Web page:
Hint: Capillary action is a process whereby the surface tension of water allows the molecules to actually climb up a thin tube almost as if they are resisting the forces of gravity. This helps in uptake of water in plants as well.
Complete answer: Water that enters the soil is found in different forms that may or may not be available to plants.
The water is directly pulled down by the force of gravity.
The water which is attached between the spaces to the minute particles of soil.
It does not stick to soil particles, but moves freely in between the spaces till it reaches the water table above the bedrock.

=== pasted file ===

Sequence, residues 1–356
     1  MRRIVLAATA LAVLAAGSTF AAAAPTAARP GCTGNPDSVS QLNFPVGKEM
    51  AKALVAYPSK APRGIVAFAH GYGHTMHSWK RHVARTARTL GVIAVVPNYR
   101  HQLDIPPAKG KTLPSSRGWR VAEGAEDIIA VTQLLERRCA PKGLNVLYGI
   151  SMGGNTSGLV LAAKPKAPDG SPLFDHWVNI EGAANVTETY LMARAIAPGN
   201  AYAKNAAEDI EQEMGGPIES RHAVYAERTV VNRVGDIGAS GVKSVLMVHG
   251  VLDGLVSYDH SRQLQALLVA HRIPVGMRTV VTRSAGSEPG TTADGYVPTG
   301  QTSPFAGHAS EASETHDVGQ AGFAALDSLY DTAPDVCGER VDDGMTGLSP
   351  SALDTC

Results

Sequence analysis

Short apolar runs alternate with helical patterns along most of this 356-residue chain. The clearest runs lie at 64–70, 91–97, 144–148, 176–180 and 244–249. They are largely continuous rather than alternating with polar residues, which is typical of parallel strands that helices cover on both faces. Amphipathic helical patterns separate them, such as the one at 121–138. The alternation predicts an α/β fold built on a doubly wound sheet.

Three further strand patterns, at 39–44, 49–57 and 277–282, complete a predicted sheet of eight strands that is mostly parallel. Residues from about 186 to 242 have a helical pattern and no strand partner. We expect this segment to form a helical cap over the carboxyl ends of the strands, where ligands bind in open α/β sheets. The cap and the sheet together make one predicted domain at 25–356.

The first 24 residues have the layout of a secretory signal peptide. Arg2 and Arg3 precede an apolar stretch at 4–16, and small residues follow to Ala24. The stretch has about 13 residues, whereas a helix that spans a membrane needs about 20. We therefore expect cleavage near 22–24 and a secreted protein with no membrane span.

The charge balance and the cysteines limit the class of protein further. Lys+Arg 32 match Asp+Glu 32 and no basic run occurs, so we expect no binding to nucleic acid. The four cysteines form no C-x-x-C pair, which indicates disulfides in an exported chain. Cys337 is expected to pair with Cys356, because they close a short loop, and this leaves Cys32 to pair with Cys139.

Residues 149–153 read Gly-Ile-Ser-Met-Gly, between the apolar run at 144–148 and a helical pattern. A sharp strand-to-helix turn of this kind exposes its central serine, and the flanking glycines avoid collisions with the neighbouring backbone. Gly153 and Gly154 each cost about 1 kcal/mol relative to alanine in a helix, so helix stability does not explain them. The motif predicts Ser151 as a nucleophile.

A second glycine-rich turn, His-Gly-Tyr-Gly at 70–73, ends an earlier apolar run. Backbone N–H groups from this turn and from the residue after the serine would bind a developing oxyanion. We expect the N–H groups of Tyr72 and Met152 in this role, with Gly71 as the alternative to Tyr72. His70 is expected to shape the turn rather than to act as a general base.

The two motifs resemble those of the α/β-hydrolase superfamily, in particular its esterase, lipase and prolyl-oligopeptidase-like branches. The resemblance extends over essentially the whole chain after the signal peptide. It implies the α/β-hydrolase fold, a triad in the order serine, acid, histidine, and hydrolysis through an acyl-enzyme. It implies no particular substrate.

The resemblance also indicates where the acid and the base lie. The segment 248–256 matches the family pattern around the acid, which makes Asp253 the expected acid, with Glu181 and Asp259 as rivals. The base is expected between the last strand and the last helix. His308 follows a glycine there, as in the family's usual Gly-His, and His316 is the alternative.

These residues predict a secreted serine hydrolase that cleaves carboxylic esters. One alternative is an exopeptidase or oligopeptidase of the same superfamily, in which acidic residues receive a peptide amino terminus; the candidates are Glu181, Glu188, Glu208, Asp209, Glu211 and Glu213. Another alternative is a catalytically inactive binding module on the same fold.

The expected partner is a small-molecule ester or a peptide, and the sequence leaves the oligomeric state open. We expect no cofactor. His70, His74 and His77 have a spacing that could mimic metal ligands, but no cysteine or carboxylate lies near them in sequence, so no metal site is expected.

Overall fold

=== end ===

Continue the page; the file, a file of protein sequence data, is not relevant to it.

It forms a good layer around the soil particles, and it is essentially what remains behind after gravitational water has been pulled down through the soil.
It is generally not available to plants for use, unless pumped up by various methods of irrigation or digging of wells.
This has a positive water potential and is freely available to plants.
It may also flow down along the water table if there is a slope and run-off into water bodies.
Besides these two, hygroscopic water is present in the soil. Hygroscopic water is bound very tightly to soil particles with a negative water potential, and is not available at all to the plants for use.
Note: Hygroscopic water is not available to plants, and has the other peculiarity that even after all the gravitational water and capillary water has drained out of the soil, hygroscopic water remains bound tightly to the soil particles.